Compare the Bushes with the Kennedys, and it's the Republican clan that casts the longer shadow. A Kennedy was President for a thousand days or so, but if George W. Bush completes his second term, someone named Bush will have been President for 4,383 days. There has been a Bush on the Republican ticket for six of the past seven presidential elections and a Bush in or near the White House for 16 of the past 24 years. And the run may not be over. Jeb Bush said in October that he would not run in 2008, but not everyone believes that promise is airtight. "I think there's still a sliver of a chance he goes," said one of Jeb's confidants. "First, it's the family business, and it's hard to see him leaving it. And there are enough unemployed Bush samurai out there who will want to eat and who will lean on him to run. He may not want to do it now, but I think he may."
This isn't just a family; it's also a national franchise system. Bush children for years were told to "Go forth and seek your fortunes elsewhere," just as the Walkers and the Bushes had done in the 1920s. And so they have: after college and grad school George W. went back to Texas. Jeb went to Florida. Other sons gave Virginia and Colorado a try. The by-product was like a series of feeder colonies, a 50-state network with kinsmen and pyramid builders always ready to report for duty. Even the matriarch, Barbara Bush, who would dismiss the word dynasty with a frosty toss of her head, was known to remind people back in 1999 that "1 out of every 8 Americans is governed by a Bush."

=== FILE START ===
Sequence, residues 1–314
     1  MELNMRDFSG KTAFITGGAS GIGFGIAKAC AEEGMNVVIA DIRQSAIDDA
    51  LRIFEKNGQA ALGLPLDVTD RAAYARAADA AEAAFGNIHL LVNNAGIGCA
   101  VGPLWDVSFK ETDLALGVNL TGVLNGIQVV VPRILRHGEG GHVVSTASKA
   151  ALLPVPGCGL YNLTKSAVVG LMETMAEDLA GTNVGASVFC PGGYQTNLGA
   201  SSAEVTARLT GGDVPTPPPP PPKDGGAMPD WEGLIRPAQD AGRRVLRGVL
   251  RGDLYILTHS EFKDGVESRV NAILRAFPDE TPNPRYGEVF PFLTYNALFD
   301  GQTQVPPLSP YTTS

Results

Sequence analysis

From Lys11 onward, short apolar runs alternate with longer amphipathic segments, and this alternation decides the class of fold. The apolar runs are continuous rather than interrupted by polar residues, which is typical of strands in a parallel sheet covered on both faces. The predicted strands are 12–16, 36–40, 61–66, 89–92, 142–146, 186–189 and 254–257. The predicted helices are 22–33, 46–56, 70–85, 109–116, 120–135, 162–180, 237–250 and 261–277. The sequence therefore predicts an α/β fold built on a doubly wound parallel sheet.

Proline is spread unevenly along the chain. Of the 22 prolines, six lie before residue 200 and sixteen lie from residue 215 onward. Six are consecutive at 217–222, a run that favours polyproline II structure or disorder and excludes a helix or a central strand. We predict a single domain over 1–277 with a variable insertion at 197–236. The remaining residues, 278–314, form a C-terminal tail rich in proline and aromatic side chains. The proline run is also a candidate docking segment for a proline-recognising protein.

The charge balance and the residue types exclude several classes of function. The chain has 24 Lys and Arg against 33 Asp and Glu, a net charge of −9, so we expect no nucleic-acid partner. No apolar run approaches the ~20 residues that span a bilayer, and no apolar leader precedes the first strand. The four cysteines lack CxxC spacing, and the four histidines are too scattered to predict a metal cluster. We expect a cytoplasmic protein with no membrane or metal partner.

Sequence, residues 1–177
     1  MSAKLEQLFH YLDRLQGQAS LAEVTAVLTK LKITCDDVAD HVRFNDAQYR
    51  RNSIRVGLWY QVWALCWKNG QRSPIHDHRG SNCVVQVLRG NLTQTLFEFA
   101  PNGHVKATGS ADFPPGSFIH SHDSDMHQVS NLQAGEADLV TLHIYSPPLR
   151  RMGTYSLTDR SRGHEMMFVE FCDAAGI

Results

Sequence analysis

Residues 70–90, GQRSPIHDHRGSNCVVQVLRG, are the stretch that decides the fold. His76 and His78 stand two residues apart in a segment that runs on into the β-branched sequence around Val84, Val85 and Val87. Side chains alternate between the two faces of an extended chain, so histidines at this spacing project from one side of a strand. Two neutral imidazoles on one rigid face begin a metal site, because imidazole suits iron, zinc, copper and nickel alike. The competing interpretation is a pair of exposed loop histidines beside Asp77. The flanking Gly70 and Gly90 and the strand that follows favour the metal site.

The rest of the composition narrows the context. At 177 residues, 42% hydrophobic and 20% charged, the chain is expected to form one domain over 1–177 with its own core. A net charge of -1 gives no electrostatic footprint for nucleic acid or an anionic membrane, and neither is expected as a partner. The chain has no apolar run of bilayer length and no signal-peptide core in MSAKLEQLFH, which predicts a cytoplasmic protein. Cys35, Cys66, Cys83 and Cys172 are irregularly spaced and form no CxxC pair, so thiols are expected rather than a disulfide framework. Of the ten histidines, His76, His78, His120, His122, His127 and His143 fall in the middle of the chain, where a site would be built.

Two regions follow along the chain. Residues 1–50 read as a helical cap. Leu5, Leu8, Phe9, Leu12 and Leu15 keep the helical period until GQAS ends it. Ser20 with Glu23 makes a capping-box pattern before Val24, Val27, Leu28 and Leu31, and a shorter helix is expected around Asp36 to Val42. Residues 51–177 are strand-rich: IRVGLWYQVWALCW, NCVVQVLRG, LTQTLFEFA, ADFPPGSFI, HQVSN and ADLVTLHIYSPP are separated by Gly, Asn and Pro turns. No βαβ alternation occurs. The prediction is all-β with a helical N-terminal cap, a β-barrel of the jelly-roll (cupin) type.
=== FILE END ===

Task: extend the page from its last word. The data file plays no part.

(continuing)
So why the reluctance to admit the business they are really in? It would be unwise to tout oneself as a dynasty in a country that specifically bans nobility in the Constitution. Plus, it wars with the family's kitchen-table lesson that calling attention to oneself is tacky, if not just plain wrong. "President Bush  would cross out every personal pronoun in his speech drafts, changing every I to a we," recalls his staff secretary James Cicconi. "The family ethic frowns upon anyone who is self-centered or self-seeking."